It ensures workers are aware of safety hazards and how to handle them, promoting a safer work environment. This course is particularly useful for workers in confined spaces, at height, or with machinery. 

3. Install Signs

constriction safety

Construction sites can be hazardous, not just for the workers but for the general public as well. Therefore, it is crucial to take necessary precautions to avoid any accidents.  

One of the cost-effective ways to reduce the likelihood of accidents is by displaying signs and posters highlighting potential hazards.  

These signs could indicate various dangers, such as the risk of falling objects, large vehicles turning, or the presence of hazardous gas or chemicals.  

Therefore, by displaying such signs, everyone in the vicinity can stay informed and be cautious, ensuring a safer working environment for all. 

4. Use PPE & Safety Kits

It is important to provide workers with appropriate personal protective equipment (PPE) for any job that may pose a risk to health and safety.  

According to OSHA regulations, you must provide PPE free of cost to your employees.  

Furthermore, there are specific standards for what should be available, like the following:  

  • Hard hats. 
  • Safety goggles. 
  • Gloves. 
  • Hearing protection.  
  • Fall prevention harnesses. 
  • High-visibility clothing. 
  • Steel-toed boots. 

It is crucial to keep equipment lists updated due to changing job sites and industry best practices.  

It is essential to have a regular schedule for revisiting standard requirements, unique equipment needs for specific sites and occupations, and employee feedback to ensure security.  

To ensure effective protection, it is necessary to maintain equipment quality and train employees on proper use.  

In an emergency, a fully stocked on-site first aid kit should always be available, including band-aids, gauze pads, tape, and other necessary items.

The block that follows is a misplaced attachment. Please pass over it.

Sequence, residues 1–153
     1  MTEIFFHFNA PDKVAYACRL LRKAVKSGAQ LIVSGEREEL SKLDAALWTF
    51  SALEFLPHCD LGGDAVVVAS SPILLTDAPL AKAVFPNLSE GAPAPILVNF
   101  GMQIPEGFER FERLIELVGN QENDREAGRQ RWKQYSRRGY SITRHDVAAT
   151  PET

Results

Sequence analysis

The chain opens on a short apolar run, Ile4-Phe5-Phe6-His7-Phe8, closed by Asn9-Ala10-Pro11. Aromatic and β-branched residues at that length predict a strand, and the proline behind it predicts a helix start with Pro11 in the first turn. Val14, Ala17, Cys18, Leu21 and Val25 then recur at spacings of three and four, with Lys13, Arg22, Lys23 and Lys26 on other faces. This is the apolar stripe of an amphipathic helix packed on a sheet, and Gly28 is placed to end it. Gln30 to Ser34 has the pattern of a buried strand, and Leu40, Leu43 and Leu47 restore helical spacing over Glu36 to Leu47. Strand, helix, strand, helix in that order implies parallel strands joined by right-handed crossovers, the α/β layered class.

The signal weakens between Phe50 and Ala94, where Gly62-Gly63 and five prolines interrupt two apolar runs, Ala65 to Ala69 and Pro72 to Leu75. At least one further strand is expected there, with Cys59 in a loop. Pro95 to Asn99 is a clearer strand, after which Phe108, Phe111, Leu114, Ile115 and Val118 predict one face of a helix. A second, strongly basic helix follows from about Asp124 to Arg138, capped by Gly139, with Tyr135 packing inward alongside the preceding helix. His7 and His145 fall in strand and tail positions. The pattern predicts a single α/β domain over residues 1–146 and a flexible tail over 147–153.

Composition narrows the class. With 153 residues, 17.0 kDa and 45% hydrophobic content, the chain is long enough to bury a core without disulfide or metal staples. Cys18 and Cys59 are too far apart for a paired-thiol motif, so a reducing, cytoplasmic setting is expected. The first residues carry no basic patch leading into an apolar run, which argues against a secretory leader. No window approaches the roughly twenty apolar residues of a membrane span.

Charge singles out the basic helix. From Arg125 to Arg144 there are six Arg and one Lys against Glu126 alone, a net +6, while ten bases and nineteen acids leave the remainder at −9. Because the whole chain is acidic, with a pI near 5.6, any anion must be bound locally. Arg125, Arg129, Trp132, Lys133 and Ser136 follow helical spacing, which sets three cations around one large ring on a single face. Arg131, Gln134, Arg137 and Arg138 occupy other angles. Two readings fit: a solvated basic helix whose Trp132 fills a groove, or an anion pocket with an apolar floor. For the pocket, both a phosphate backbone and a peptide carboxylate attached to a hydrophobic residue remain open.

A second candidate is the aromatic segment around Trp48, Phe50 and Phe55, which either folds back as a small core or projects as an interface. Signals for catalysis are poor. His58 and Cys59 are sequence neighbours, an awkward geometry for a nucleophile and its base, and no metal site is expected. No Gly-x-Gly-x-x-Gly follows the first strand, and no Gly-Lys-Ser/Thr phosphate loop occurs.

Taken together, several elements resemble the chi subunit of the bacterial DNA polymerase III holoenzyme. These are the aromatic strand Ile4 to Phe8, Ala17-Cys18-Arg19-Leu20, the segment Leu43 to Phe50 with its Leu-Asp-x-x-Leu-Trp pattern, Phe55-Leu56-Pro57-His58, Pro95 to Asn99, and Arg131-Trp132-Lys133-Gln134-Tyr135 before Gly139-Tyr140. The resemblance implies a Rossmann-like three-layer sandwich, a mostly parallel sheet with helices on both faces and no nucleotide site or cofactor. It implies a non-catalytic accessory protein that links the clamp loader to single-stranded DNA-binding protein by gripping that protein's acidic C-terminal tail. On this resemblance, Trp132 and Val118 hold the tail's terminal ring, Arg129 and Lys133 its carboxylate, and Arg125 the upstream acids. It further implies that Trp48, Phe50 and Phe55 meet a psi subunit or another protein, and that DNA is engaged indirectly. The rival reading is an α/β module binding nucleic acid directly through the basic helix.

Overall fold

5. Keep Assessing The Risks

Keep Assessing The Risks

To ensure safety on the job site, it’s important to identify specific hazards and tailor safety efforts accordingly.  

Conducting a risk assessment considering environmental factors such as weather, heat, and natural disasters is key to developing plans to mitigate risks and address employee responses.  

Secure equipment, tools, building materials, and vehicles when not in use to prevent theft or vandalism.  

Moreover, it is important to maintain records of equipment. Also, you can install fences, use theft deterrents like wheel and ignition locks, and consider investing in security cameras or guards.  

Workers in the construction industry rely heavily on their tools to get the job done efficiently, and unsafe or broken tools increase the risk of serious accidents.  

Regular equipment inspections are necessary to prevent malfunctions, and consulting with local law enforcement can help maintain a safe work environment. 

Play It Safe! 

Construction site safety is more than following OSHA safety standards or installing caution tape.  

It involves instilling commitment and accountability in workers and creating a safe work environment. Arming employees with knowledge, training, and protective equipment prepares them for success.  

Support from leadership and encouragement can lead to speed, efficiency, and cost savings. 

Developing a building site safety checklist is an effective way to verify safety precautions. Each hazard on the job site deserves a checklist, reinforcing safe work practices and serving other purposes.  

Checklists include inspecting tools, verifying PPE, and considering potential effects on the surrounding area. Also, you must document compliance with OSHA violation standards and provide safety tips for construction workers.